Once we begin to understand what we might be dealing with, then we can start saying what it might or might not be saying and at that point we can compare and contrast that with the other historical evidence and arguments available to us to come to a conclusion.

Otherwise... A few comments I have on the arguments...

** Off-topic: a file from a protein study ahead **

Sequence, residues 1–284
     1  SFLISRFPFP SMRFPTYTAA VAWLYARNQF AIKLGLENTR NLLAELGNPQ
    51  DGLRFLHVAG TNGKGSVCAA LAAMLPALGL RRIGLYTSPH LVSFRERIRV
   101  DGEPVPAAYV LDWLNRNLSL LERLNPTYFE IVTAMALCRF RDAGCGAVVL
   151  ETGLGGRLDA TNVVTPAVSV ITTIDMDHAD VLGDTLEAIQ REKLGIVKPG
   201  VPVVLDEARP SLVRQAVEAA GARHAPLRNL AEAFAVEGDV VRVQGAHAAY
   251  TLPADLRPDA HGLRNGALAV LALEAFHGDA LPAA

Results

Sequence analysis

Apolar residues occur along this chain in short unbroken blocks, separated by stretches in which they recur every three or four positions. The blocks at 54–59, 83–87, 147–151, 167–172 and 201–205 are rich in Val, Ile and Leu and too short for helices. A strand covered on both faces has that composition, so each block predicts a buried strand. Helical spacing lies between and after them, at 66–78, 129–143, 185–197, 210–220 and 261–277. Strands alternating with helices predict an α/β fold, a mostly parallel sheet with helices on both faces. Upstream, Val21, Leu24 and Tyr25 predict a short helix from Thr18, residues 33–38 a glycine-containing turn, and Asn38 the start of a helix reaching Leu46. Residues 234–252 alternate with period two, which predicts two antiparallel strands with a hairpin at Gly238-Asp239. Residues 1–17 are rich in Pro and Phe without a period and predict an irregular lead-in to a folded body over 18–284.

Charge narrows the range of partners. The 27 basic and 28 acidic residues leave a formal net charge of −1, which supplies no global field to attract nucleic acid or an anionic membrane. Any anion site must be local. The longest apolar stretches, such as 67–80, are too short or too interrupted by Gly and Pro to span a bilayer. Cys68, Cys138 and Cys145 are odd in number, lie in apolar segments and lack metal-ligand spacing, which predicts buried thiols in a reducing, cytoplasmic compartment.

Archaeologically speaking, ancient peoples traveled on routes known and used by others (for obvious reasons). Four of the place names mentioned in the list Numbers 33 gives of the wilderness sojourn occur in the relief inscriptions of Thutmosis III at Karnak in exactly the same order as they occur in Numbers 33, which indicates that such was part of a known route used by both. If the Israelites did travel on known or established routes—especially desert routes—material possessions and remains would be picked up or used by other travelers as they came across such objects and found need or want of them. This would significantly change the situation from one in which you have thousands or millions of people on an isolated spot and not in contact with other people and their spots to one of motion and exchange across territories and cultures. In other words, we are not dealing with something like the city of Chicago that you can go to and see what's there, but something like the city of Springfield moving up and through the city of Chicago over a period of time while the city of Chicago moves down and through the city of Springfield over a period of time, and then another city coming along from another direction, etc. And thus, if we were looking for the former situation and not the later, it would greatly increase the likelihood of not finding that evidence. And while we might expect archeology to discover evidence of us non-nomadic Modern people if we stayed in a place half a century, archeology would be in a great deal harder position—indeed, a perhaps completely improbable position--trying to find evidence for a specific kind of people in ancient times who came and went across a certain area for that same length of time which was also used by others before, during, and even long after.